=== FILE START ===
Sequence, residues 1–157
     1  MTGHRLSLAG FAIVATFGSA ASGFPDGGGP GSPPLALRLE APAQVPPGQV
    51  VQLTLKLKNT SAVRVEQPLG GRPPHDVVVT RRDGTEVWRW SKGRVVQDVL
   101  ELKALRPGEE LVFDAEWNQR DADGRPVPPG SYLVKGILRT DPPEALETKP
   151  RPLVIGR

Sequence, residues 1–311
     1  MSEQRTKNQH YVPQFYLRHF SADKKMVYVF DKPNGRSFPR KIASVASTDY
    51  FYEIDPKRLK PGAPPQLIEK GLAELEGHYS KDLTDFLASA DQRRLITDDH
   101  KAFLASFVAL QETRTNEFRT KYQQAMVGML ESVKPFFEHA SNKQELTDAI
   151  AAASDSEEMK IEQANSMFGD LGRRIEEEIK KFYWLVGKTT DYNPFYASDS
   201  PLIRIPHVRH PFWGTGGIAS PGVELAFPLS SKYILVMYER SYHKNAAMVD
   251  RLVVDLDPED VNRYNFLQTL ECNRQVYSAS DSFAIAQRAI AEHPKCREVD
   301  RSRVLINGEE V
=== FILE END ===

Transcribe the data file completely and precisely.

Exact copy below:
Sequence, residues 1–157
     1  MTGHRLSLAG FAIVATFGSA ASGFPDGGGP GSPPLALRLE APAQVPPGQV
    51  VQLTLKLKNT SAVRVEQPLG GRPPHDVVVT RRDGTEVWRW SKGRVVQDVL
   101  ELKALRPGEE LVFDAEWNQR DADGRPVPPG SYLVKGILRT DPPEALETKP
   151  RPLVIGR

Sequence, residues 1–311
     1  MSEQRTKNQH YVPQFYLRHF SADKKMVYVF DKPNGRSFPR KIASVASTDY
    51  FYEIDPKRLK PGAPPQLIEK GLAELEGHYS KDLTDFLASA DQRRLITDDH
   101  KAFLASFVAL QETRTNEFRT KYQQAMVGML ESVKPFFEHA SNKQELTDAI
   151  AAASDSEEMK IEQANSMFGD LGRRIEEEIK KFYWLVGKTT DYNPFYASDS
   201  PLIRIPHVRH PFWGTGGIAS PGVELAFPLS SKYILVMYER SYHKNAAMVD
   251  RLVVDLDPED VNRYNFLQTL ECNRQVYSAS DSFAIAQRAI AEHPKCREVD
   301  RSRVLINGEE V